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I am trying to analyze experiments where small groups of animals are all treated with a drug at different doses. So each value on the x-axis represents one group and each value on the y axis the measurements in a single animal.

I want to figure out if the drug treatment has an effect on the values I am measuring. I already ran ANOVA and Dunnet Tests to generate the 'between group' stats. However, now I want to use all groups together to see if there is an overall relationship between dose and response. So I believe this means that treatment is now an ordered categorical variable (ordinal).

The two questions I have are:

  1. How should I decide if I should treat the drug dose as a common numeric variable (based on the exact dose given) rather than a categorical (or ordered numeric) variable?
  2. How do I interpret the different results between running a linear model with the ordinal variable (none, low, med, high) vs turning it into a ordered numeric (1,2,3,4).

Below is a quick rundown of the data and how I am analyzing it so far. I have a related question on different correlation stats link that I will post independently so this post stays a little focused. The data is provided at end of post.

#// overview
library(tidyverse)
ggplot(data = stats) + geom_boxplot(mapping = aes(x = ord, y = value)) +
                       geom_point(mapping = aes(x = ord, y = value))

To see if there is a correlation between drug dose and the measured value, I can turn the categorical variable into ordered integers and then simply run a linear model:

summary(lm(value ~ card, stats))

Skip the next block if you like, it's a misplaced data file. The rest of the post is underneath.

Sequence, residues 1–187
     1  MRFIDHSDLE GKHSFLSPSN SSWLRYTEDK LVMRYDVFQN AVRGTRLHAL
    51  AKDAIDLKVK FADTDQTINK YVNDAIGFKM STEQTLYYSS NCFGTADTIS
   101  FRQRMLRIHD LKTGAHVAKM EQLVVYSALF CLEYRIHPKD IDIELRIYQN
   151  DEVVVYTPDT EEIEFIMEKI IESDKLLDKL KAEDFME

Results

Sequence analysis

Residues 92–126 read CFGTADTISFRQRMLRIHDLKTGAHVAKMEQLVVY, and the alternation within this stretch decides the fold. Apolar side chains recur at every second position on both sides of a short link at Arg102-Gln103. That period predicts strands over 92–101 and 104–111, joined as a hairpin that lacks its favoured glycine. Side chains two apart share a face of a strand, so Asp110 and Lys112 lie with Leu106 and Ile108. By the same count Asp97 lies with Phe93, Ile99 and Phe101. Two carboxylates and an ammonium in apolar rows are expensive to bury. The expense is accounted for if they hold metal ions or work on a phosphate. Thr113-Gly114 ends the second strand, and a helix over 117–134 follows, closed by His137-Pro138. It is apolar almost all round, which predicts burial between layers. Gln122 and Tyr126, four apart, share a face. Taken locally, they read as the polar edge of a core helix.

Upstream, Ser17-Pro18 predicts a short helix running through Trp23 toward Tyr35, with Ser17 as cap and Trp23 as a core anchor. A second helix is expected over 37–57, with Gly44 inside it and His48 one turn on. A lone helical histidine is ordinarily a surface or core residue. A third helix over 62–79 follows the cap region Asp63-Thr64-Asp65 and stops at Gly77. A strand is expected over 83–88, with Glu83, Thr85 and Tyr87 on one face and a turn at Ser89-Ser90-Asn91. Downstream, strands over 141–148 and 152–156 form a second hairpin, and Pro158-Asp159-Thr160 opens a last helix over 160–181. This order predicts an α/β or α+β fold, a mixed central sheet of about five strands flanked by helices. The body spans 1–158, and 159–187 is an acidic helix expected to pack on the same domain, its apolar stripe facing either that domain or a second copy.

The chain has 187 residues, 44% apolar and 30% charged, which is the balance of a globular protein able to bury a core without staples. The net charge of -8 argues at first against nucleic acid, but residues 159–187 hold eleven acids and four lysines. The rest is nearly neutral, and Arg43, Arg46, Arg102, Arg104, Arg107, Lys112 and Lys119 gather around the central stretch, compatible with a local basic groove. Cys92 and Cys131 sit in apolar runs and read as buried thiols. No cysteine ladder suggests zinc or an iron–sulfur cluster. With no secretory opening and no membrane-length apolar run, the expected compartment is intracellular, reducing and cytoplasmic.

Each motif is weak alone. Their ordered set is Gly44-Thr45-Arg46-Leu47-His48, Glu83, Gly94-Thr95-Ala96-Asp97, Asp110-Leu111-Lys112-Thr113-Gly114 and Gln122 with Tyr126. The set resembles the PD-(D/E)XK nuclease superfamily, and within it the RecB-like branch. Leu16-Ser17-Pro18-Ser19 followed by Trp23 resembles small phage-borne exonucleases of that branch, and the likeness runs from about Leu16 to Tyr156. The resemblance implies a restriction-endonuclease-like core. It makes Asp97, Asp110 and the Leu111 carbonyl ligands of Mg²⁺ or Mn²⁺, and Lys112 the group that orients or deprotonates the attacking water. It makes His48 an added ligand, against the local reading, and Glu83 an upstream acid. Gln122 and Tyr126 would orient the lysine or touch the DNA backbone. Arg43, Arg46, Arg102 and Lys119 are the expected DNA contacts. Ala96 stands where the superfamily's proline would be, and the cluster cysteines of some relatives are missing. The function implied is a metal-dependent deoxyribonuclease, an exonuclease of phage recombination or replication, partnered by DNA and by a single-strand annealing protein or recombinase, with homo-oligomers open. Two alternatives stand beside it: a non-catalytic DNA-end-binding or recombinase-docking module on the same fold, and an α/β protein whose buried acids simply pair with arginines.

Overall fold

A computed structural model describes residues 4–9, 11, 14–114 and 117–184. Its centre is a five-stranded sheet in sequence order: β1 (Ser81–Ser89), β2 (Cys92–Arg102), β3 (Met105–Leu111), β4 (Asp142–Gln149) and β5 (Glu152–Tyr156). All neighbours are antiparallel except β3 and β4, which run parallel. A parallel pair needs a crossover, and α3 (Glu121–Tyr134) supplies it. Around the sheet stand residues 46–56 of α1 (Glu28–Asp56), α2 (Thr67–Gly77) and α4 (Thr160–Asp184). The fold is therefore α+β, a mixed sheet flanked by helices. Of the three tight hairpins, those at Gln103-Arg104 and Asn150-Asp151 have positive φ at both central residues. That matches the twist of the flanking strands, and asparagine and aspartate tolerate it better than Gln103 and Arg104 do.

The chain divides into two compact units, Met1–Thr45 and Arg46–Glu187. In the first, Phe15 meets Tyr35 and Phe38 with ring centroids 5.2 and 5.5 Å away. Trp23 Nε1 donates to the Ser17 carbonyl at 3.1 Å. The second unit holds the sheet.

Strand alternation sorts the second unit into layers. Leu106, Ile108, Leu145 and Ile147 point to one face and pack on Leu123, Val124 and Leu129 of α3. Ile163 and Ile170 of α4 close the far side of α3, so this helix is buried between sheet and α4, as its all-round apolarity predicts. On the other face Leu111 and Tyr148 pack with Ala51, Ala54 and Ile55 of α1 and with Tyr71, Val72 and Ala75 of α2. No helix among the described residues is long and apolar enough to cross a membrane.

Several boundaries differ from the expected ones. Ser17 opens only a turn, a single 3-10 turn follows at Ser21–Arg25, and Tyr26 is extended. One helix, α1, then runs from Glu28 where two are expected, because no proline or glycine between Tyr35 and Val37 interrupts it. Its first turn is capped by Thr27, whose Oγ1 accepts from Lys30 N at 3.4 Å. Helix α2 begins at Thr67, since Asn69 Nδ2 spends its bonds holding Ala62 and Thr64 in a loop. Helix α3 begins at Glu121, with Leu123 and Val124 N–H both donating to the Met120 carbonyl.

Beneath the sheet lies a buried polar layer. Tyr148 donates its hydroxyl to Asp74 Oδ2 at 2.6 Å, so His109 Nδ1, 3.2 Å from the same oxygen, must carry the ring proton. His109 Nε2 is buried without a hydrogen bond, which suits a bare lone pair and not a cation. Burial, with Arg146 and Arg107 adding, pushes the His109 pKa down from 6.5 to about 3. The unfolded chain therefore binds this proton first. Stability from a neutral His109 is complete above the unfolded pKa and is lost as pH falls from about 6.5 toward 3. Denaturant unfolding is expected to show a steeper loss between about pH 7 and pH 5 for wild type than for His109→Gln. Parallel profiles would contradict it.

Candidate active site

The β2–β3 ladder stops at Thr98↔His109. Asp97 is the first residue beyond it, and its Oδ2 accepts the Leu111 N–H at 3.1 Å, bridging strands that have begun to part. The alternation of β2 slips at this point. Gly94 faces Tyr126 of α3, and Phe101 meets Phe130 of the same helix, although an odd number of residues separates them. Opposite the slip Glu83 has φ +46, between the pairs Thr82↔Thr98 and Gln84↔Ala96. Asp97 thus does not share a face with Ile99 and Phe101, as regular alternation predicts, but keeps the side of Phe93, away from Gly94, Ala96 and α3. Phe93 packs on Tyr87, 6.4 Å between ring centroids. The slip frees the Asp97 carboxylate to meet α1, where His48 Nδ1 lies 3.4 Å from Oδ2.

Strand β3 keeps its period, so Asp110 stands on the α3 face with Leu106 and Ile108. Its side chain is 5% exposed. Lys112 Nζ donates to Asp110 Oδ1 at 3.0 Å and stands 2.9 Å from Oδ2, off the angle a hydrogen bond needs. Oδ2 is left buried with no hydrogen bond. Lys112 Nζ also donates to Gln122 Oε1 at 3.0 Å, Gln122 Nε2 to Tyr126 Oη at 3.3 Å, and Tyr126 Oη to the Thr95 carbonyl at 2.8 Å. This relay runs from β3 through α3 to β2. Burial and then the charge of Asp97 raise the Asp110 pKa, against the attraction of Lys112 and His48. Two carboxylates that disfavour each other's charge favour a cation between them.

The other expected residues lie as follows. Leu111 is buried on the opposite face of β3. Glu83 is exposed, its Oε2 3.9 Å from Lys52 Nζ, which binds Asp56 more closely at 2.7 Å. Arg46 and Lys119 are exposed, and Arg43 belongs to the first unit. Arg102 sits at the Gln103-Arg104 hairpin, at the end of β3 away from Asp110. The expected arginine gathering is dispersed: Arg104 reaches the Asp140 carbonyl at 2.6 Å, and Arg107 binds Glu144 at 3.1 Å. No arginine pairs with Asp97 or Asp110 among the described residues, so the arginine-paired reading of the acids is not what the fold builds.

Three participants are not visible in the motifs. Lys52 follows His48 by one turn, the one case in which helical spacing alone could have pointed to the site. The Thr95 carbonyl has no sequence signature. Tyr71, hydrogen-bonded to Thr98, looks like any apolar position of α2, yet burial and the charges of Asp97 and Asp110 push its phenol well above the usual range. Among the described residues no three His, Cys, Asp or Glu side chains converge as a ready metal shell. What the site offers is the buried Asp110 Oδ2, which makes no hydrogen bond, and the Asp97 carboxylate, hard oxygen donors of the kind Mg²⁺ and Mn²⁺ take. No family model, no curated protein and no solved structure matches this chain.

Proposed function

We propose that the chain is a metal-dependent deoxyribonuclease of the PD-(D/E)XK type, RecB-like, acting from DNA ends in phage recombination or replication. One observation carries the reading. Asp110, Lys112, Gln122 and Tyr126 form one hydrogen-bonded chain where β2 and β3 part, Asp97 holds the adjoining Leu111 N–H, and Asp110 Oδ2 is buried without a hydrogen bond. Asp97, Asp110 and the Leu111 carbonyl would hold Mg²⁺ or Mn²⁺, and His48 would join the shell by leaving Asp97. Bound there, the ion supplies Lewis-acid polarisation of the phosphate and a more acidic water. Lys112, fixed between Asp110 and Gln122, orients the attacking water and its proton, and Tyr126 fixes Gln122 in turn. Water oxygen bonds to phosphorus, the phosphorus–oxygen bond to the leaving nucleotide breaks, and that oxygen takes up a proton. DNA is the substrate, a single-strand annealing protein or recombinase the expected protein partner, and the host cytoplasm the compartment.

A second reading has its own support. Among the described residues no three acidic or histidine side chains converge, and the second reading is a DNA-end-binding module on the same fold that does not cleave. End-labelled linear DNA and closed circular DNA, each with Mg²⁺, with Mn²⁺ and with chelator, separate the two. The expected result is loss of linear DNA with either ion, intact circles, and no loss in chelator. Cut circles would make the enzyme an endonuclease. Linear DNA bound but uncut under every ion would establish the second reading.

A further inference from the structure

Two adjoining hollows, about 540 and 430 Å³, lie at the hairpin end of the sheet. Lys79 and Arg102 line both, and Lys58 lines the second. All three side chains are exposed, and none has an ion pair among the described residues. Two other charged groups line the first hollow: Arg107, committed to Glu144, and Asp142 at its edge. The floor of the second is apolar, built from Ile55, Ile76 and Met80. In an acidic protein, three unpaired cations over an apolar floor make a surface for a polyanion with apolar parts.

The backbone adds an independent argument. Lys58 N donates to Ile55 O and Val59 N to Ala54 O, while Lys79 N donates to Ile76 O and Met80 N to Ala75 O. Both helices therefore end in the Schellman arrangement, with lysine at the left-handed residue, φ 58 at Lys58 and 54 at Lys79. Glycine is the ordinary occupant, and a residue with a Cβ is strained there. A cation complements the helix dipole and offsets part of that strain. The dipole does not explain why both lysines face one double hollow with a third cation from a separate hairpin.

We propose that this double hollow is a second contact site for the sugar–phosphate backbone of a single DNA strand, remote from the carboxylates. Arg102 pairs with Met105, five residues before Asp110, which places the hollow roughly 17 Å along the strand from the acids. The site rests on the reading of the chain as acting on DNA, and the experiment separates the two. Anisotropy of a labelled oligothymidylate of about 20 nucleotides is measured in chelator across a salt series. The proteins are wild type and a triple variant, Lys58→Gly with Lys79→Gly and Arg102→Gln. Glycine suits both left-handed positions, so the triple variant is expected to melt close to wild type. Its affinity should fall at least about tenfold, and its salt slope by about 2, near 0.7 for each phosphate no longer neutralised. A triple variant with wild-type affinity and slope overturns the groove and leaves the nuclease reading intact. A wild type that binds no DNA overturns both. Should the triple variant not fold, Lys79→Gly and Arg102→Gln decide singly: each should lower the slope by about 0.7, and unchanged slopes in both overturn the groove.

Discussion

#> 
#> Call:
#> lm(formula = value ~ card, data = stats)
#> 
#> Residuals:
#>     Min      1Q  Median      3Q     Max 
#> -459.36 -194.56  -14.33  131.75  603.84 
#> 
#> Coefficients:
#>             Estimate Std. Error t value Pr(>|t|)    
#> (Intercept)   1714.7      108.5  15.801  < 2e-16 ***
#> card          -291.4       38.9  -7.491 8.98e-09 ***
#> ---
#> Signif. codes:  0 '***' 0.001 '**' 0.01 '*' 0.05 '.' 0.1 ' ' 1
#> 
#> Residual standard error: 272.8 on 35 degrees of freedom
#> Multiple R-squared:  0.6159, Adjusted R-squared:  0.6049 
#> F-statistic: 56.11 on 1 and 35 DF,  p-value: 8.983e-09

ggplot(data = stats) + geom_smooth(mapping = aes(x = card, y = value), method = "lm") +
                       geom_point(mapping = aes(x = card, y = value))
#> `geom_smooth()` using formula 'y ~ x'

Or I can use the drug dose (low = 150, med = 500, high = 1500) and assume that there is a linear correlation between dose given and exposure in the animal and then run a linear fit.

summary(lm(value ~ num, stats))

#> 
#> Call:
#> lm(formula = value ~ num, data = stats)
#> 
#> Residuals:
#>    Min     1Q Median     3Q    Max 
#> -353.3 -214.1  -20.6  153.4  729.5 
#> 
#> Coefficients:
#>               Estimate Std. Error t value Pr(>|t|)    
#> (Intercept) 1297.63661   61.02984  21.262  < 2e-16 ***
#> num           -0.56801    0.07401  -7.674 5.26e-09 ***
#> ---
#> Signif. codes:  0 '***' 0.001 '**' 0.01 '*' 0.05 '.' 0.1 ' ' 1
#> 
#> Residual standard error: 268.7 on 35 degrees of freedom
#> Multiple R-squared:  0.6273, Adjusted R-squared:  0.6166 
#> F-statistic:  58.9 on 1 and 35 DF,  p-value: 5.261e-09